STILL PUZZLING NIGHTMARE: Marlton Square still has community and city leaders bewildered about a development project riddled with unfulfilled promises and burdened with debt.
Photos by Jason Lewis
Marlton Square Update
The maze of continuous deals, bankruptcies, sale postponements and developers’ whims has created a giant eyesore for the residents of the community.
By Yussuf J. Simmonds, Sentinel Ass’t. Managing Editor
Developing Marlton Square into a respectable place for the community to enjoy–live, work, play and shop–has eluded elected officials, developers, investors and governmental entities for decades. The property has become an enigma and an eyesore to the community in general and to the residents in the immediate area in particular. At present, the square including a senior citizens apartment complex, known as the Buckingham Senior Apartments (BSA), has been under bankruptcy protection and it appears that the development will only be continued after the bankruptcy proceedings.
The Community Redevelopment Agency (CRA) of Los Angeles has an interest in whatever happens to the square. Last Thursday, the CRA held a public hearing relative to the BSA which was scheduled to come out of bankruptcy. According to the CRA memorandum, recommendations were to be made regarding the proposed lease of the BSA for development of an affordable senior housing building. Unlike the main square, the BSA is in a stage of development and has remained unfinished because of its bankruptcy status. The CRA commissioners intended to authorize its Chief Executive Officer enter into an agreement with the BSA for completion and operation of the complex, and have it ready for occupancy.
Recently the CRA was involved in an effort to revitalize the Crenshaw Corridor in which $14.7 million was awarded to a plan named the Crenshaw Vision Plan which was the brainchild of Councilman Herb Wesson to improve Crenshaw Boulevard in preparation of the Exposition Light Rail Line and the Crenshaw Prairie Line. But where did Marlton Square fit into the scheme of things relative to this vision for building developments around transit stations called “Transit Oriented Developments?
Kiara Harris, the director of communications of public affairs at CRA told the Sentinel, “We have everything to do with that,” relative to that blighted area called Marlton Square. “It’s been a nightmare and the reason is, a lot of time, energy and effort was put forth to find a development team that we thought could do the job,” she continued. “The developer was unable to complete the job.” The developer she was referring to was Capital Vision Equities (CVE), the primary developer on that project along with a lot of sub contractors. Headed by Christopher Hammonds, CVE has defaulted on $41 million of CRA Loans. Jeff Lee of Lee Homes was partnered with Hammonds in the Marlton Square development.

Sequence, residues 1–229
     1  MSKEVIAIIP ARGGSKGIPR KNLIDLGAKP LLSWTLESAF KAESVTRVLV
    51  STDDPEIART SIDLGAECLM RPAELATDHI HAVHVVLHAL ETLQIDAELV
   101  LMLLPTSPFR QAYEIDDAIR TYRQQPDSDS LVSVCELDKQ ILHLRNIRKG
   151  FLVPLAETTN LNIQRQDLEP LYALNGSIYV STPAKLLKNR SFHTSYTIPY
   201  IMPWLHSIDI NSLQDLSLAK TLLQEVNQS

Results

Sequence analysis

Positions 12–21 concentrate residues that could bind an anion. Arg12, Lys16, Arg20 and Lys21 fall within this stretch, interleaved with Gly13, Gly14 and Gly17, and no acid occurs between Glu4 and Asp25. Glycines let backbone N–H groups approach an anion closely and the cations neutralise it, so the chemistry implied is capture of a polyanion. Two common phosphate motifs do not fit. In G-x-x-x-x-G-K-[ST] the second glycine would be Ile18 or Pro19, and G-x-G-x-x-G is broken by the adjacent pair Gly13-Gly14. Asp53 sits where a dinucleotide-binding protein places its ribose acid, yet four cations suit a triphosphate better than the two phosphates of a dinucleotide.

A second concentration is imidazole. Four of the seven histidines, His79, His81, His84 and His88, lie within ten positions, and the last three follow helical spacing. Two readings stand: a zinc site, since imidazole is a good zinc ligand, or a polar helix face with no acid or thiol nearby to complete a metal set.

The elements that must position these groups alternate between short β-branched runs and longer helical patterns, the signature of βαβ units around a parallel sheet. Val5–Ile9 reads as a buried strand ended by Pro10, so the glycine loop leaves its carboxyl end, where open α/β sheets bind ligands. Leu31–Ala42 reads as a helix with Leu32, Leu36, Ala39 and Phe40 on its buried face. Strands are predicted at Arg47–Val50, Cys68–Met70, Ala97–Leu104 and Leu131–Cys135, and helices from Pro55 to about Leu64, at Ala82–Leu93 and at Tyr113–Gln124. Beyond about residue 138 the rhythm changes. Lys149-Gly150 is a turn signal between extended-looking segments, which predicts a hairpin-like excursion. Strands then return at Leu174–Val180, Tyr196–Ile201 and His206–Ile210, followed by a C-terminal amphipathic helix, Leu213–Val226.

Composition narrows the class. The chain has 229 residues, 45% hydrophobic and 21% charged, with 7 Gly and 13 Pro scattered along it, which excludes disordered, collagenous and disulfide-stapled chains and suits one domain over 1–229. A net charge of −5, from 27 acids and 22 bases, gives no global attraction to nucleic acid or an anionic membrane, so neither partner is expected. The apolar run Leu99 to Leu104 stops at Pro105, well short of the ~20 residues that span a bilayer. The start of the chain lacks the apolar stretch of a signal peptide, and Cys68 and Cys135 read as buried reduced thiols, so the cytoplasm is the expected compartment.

In the middle of the development and to the detriment of the community, “The developers filed bankruptcy,” Harris said, “and the property itself has been tied up in bankruptcy court and litigation.”
According to Harris, the BSA is now out of bankruptcy court and since, it is already halfway built, “we are trying to get direction on finishing it because no one can do anything until the court settles the issues.”
One of the litigants which Harris referred to is Tim Robbins, who is a tenant of Marlton Square, worked for the developers and is the holder of a trust deed with an original value of approximately $850,000.00 that over its defaulted period is now worth in excess of $1 million dollars. Robbins said, “The CRA has taken care of their part of the relocation fee, but the bigger issue is the trust deed that I have against the property. I filed a lawsuit against all of them. The CRA wanted me to dismiss the lawsuit against them but the part against Jeff Lee, Chris Hammonds and M.S. Acquisitions could continue to go forward. The city settled with me as far as its commitment. Usually when someone is finished with the CRA, they make them file a certificate of abandonment; they did not ask me to file such a certificate because I had legitimate issues with Jeff Lee and Chris Hammonds.”
Robbins said that he has spoken to attorneys at the city attorney’s office (the City Attorney represents the city and the CRA). “In addition, I was doing some maintenance and security work for Jeff Lee and Chris Hammonds, and they haven’t paid me for the work that I have done,” Robbins explained.
Calls were made to Jeff Lee at Lee Homes; Chris Hammonds at CVE; Cecilia V. Estolano and Carolyn Hull of CRA; and Dennis Rodriguez, the economic development deputy to Councilman Bernard Parks in whose district Marlton Square is located, but at press time, there had been no responses.